News Release

What Should Be Done With the Budget Surplus?


WASHINGTON — For the first time in decades, government officials and policy wonks in the nation’s capital are talking about what to do with a federal budget surplus. The Congressional Budget Office predicts a surplus of between $43 billion and $63 billion this year.

While many in Washington are pushing for tax cuts, some policy analysts far from the centers of power are urging different approaches. Among those available for interviews are:

A member of the editorial board of Dollars and Sense magazine, Frank said: “The surplus should be returned to the public in the form of services which we badly need. We could start by investing in education for our children, something that would go a long way to making sure the elderly are provided for in the future. For the past 15 years or so, Americans have been told that there’s no money to provide basic government services. Now we have the money, so let’s provide them.”

An associate professor of economics at the University of Notre Dame, Ghilarducci commented: “If the federal budget were divided between capital and consumption accounts like businesses do, we would have shown an ongoing surplus during much of the 1990s. Nevertheless, whether to spend it or give it back to individuals in the form of tax reductions is a real issue. We as a nation have urgent needs to provide income security and to improve education.”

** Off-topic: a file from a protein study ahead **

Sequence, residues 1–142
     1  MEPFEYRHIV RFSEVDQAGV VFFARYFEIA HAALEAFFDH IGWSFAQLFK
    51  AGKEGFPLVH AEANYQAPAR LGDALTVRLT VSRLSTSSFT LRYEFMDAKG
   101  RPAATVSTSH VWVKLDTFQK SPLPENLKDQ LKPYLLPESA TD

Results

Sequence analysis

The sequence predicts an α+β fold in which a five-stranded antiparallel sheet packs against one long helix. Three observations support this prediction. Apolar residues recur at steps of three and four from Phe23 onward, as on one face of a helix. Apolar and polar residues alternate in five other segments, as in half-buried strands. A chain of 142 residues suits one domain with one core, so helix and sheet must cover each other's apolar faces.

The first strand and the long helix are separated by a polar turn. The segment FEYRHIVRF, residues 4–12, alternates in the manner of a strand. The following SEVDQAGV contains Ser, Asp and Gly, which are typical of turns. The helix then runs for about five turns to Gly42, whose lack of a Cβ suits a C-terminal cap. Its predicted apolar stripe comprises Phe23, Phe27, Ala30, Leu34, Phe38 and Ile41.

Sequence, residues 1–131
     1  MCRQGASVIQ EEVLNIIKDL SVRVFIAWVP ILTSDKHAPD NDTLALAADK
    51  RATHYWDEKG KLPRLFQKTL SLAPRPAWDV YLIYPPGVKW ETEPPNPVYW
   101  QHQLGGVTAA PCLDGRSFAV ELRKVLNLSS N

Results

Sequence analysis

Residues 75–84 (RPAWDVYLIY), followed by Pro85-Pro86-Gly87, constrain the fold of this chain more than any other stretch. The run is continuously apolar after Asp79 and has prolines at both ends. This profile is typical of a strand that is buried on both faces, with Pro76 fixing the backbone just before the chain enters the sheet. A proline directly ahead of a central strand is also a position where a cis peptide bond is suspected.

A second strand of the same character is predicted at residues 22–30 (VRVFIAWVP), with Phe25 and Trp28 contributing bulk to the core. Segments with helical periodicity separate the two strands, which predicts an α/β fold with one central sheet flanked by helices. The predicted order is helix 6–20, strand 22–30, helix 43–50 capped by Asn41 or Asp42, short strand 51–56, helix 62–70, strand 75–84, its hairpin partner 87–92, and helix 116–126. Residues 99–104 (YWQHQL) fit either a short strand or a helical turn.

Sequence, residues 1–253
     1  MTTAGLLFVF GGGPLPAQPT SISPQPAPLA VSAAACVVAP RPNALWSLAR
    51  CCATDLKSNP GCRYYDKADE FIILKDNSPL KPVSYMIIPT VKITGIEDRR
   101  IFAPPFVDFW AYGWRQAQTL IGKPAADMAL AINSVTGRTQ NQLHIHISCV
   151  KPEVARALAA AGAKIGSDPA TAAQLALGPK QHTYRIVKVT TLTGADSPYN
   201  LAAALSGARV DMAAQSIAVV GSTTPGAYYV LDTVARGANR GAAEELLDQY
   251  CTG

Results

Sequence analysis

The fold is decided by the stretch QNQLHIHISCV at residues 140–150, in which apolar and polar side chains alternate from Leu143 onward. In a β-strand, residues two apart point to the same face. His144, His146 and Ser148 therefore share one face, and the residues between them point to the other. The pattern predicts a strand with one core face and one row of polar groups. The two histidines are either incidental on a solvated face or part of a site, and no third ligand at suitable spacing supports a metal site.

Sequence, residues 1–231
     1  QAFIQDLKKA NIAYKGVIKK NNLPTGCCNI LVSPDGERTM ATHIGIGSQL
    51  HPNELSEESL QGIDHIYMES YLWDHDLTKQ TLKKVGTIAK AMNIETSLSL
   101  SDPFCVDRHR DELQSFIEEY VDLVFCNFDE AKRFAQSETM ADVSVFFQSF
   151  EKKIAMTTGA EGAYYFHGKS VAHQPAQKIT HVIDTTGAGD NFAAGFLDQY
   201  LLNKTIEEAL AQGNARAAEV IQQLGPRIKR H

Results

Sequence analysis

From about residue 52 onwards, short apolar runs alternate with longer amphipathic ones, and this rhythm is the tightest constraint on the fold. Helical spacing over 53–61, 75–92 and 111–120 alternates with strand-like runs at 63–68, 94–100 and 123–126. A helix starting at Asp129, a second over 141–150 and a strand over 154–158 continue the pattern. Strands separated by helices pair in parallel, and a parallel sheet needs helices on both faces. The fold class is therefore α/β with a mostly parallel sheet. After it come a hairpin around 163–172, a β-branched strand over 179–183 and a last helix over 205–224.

Research director at the Midwest Center for Labor Research, Ginsburg said: “One of the consequences of the current economic growth is the increasing income inequality. This is most starkly seen in urban areas where years of disinvestment have created extremes of poverty which may be separated from affluence by only a street. The budget surplus offers an opportunity to begin rebuilding our urban centers. Investing in mass transit and trains, in schools and housing, will provide a foundation for other development. We also need to invest in living wage jobs in industries that are still in the cities or that can benefit from the city’s advantages of skilled labor, transportation and markets. These kinds of investments will produce long-term benefits.”

McIntyre, director of Citizens for Tax Justice, said: “We might finally start paying down the huge national debt built up in the Reagan and Bush administrations. The heck with that, say Gingrich and his compatriots. Instead, they insist we need more big tax cuts for the wealthy.”

For more information, contact Theresa Caldwell or Sam Husseini at the Institute for Public Accuracy, (202) 347-0020.